March 14th, 2007


Two Stories

1. When I was in Venezuela, we spent a day hiking up a low mountain to get a view of the rainforest around us. But the mountaintop was hot and glaring, and I wanted to escape the bugs, so I ate my lunch farther back on the trail, in the cool of the woods. It hadn't rained in some time, and I found a comfortable seat on a boulder that was covered in dessicated moss.

While I was eating, I accidentally slopped some of the water from my Nalgene onto the rock. Within one minute, every frond of moss that had been touched by the liquid had absorbed it, filled out, and turned from pale yellow to deep emerald.

And that is how I feel when I come home to Seattle.

2. My first year in the dorms, I was sitting at my desk, reading a book and listening to music on my computer. Suddenly, without my having even done anything on it, my computer flashed the Blue Screen of Death and crashed spectacularly. I wracked my brain trying to think of what I could possibly have done to offend it...some program, some motion, anything...and the only thing that I could think of was that the song on my Winamp had just changed over. That's all.

And that is why I am afraid of the song "Black Hole Sun."
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BTW, I got to meet Jane Goodall

Okay, I need to catch up on posting.

Last Thursday, mountain_child and I went to WSU to see Jane Goodall, the famous primatologist and conservationist, also credited with the discovery that man is not the only species to use tools. She was in town to talk about one of her latest book topics, called "A Reason for Hope." She spent a lot of time outlining the myriad environmental problems in the world, but followed them up with examples that shows our capability to change things for the better. She also talked about several programs she's founded to do exactly that, such as the Jane Goodall Institute, and Roots and Shoots. I really enjoyed her speech because she seemed like the perfect embodiment of a person who's observed a problem, and gone above and beyond to fix the problem without becoming bitter or jaded. It was awesome.

Because I knew she was going to be doing a book signing, as soon as we had seats (we arrived very early) I jumped up to go buy a book for her to sign afterward. Thing is, I didn't know she'd written so many. I sorted through an huge table of them and found it impossible to choose, because they were all on very interesting topics, and all were written in a very accessible, readable voice. Predicably for me, I went looking for a book and came back with seven.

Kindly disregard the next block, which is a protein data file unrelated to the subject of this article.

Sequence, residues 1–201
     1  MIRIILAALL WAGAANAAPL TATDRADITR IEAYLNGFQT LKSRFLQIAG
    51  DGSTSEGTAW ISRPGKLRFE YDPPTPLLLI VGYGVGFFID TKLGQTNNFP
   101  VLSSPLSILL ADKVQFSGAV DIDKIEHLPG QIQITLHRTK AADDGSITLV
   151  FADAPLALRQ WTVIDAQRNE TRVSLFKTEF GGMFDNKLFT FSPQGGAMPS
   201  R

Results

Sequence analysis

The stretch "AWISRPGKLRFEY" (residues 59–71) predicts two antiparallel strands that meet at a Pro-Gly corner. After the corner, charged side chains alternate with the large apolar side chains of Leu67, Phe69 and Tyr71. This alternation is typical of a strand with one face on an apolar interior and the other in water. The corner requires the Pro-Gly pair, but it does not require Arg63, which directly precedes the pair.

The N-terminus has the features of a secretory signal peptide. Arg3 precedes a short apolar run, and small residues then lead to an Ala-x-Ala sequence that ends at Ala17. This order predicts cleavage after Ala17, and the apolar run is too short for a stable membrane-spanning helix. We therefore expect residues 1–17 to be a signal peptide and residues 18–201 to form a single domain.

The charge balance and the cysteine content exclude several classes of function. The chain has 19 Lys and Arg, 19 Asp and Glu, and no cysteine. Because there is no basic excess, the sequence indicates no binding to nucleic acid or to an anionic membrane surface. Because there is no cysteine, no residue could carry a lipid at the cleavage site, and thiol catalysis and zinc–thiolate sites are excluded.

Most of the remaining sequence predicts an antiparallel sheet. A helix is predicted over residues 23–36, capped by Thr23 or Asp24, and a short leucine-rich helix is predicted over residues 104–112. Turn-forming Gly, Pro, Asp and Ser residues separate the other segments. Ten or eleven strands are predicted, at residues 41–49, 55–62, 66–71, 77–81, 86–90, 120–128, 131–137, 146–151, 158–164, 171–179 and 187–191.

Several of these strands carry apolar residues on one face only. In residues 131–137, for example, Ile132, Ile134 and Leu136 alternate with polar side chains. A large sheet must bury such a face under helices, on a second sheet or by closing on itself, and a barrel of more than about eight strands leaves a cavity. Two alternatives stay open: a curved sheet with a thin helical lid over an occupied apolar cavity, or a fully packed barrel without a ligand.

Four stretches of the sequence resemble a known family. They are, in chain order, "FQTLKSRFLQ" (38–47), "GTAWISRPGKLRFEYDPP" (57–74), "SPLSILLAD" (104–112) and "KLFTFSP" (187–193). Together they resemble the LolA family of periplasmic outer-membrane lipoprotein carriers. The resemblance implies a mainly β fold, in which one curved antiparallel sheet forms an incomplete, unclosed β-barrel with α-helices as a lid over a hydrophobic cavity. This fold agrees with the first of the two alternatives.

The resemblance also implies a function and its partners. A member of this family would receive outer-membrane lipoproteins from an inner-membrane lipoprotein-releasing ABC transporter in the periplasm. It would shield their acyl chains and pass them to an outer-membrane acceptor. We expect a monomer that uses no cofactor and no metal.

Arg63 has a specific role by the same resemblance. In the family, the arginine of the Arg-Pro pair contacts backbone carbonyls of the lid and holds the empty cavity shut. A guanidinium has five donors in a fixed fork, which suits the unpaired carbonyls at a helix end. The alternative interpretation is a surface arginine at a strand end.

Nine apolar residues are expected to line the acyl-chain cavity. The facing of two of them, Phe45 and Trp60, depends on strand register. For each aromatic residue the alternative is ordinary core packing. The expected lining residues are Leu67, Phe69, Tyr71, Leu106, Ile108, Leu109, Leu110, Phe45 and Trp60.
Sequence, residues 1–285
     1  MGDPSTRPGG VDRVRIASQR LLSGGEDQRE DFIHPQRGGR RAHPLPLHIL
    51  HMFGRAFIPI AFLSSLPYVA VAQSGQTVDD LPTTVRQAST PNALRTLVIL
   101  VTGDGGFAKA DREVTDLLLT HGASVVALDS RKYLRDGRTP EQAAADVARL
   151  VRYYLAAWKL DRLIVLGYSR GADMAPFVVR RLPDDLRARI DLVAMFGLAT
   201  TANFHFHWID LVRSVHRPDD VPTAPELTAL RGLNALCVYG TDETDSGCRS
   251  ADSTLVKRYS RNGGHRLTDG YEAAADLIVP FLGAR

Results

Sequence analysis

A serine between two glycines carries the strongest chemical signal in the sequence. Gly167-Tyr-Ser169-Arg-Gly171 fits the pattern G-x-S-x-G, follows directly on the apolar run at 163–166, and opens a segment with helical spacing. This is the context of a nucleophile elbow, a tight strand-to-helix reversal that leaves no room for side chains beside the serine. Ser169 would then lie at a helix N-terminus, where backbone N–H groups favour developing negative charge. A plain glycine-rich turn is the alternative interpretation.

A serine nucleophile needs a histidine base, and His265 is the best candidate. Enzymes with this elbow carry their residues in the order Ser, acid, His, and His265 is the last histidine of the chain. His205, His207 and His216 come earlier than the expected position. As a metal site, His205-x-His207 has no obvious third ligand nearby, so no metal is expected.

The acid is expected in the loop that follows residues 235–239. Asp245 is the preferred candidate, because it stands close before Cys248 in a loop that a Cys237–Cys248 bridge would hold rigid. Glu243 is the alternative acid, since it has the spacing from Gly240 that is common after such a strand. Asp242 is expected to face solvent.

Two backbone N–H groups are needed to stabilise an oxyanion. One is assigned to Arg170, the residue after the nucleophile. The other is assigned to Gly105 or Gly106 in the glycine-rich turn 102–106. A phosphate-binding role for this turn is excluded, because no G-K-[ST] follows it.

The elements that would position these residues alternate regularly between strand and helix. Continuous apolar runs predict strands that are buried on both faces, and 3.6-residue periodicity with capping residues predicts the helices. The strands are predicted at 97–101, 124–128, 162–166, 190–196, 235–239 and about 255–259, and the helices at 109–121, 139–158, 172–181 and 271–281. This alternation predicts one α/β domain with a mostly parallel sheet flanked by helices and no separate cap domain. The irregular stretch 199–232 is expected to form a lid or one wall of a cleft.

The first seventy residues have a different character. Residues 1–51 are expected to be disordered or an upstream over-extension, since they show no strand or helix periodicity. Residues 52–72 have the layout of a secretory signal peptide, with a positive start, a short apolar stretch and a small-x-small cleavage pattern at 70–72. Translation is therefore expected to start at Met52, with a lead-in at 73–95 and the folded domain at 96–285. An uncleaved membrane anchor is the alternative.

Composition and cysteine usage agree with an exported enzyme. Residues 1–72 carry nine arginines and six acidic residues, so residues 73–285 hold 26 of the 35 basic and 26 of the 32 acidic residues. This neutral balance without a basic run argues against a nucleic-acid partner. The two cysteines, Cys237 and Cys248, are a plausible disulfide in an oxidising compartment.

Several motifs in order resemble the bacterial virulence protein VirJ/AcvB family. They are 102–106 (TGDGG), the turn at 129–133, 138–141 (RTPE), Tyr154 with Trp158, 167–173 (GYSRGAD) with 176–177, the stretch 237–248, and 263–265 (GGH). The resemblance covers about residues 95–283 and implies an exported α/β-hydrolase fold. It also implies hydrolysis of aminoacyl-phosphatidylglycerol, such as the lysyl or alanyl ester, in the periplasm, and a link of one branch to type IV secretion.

*Harvest for Hope: A Guide to Mindful Eating
*My Life With the Chimpanzees
*Through a Window
*Reason for Hope: A Spiritual Journey
*The Ten Trusts: What We Must Do to Care for the Animals We Love
*Africa in My Blood: An Autobiography in Letters
*Beyond Innocence: An Autobiography in Letters

I bounced up and down all through her talk, As soon as the talk was over, I skipped the question and answer session and wibbled up to the book signing line, since the line to just buy books before the talk was about 45 minutes long. I stood in the signing line for about an hour, but at the end of that, I got to meet and talk with the legendary Dr. Jane Goodall. She signed my books and shook my hand, and was very nice. She also looked very tired, so I didn't bother her for too long (that, and Tyler was being very tolerant by waiting for me so long).

Jane Goodall! SQUEE.
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(no subject)

On Friday, Tyler and I were invited over to the Kaag's house. Their daughter, Sierra (my age), is presently dating a Bollywood actor from Mumbai, and she knows how to cook Indian food. She invited the two of us to come over and help make a meal so we could learn.

It was pretty fun, although hectic. We had sag paneer (fried spinach with chunks of Indian cheese), which I don't usually like, but I liked this time. We made dhal, which is a thick lentil stew. We made a dish of spiced carrots and peas with cumin, garam masala, coriander, and pomegranate seeds, which was fabulous. We made basmati rice, and I resolved to try sprinkling cumin seeds in my rice in the future. We also made naan, although we had oven trouble and it came out a bit doughy.

Overall, the dinner was absolutely delicious. We even had mango lassis for dessert, although we used mango pieces and they came out a bit fiberous (I like using pulp better). Great food, great company...a great evening. I can't wait to try it for myself. I need an Indian cookbook.

Interestingly, Tyler helped in the kitchen (I love my man), but Sierra's Indian boyfriend did not. Hmmmmmmmmm.
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